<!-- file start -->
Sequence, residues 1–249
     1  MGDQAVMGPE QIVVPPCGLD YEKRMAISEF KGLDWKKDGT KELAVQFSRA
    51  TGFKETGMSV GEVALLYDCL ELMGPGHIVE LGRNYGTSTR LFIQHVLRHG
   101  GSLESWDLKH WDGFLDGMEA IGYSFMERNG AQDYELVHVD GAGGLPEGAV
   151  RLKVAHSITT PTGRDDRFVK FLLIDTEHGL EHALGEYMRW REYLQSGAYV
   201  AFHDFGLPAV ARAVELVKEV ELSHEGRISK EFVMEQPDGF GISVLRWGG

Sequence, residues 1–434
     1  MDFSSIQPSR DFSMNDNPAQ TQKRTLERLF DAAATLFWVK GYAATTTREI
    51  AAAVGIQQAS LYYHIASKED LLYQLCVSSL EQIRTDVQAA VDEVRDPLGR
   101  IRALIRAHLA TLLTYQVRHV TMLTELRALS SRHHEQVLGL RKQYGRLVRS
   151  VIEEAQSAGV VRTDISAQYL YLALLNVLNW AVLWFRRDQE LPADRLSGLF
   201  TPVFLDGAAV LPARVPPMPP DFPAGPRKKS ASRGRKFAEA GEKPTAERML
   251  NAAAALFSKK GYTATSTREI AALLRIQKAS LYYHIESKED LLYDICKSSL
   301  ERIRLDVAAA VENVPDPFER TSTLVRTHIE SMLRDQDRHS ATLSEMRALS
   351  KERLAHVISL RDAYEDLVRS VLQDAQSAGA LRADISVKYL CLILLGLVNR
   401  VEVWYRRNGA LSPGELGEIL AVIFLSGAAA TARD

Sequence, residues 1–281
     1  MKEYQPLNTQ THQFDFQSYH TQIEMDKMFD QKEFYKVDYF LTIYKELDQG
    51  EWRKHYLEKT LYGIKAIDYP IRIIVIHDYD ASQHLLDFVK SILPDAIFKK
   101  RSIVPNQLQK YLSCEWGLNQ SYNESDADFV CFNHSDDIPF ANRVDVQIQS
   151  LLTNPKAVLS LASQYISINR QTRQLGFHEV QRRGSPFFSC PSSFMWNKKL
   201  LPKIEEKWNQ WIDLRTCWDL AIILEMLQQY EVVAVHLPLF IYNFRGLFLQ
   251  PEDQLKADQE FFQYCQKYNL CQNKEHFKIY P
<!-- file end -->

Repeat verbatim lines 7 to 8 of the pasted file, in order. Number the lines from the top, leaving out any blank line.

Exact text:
Sequence, residues 1–434
     1  MDFSSIQPSR DFSMNDNPAQ TQKRTLERLF DAAATLFWVK GYAATTTREI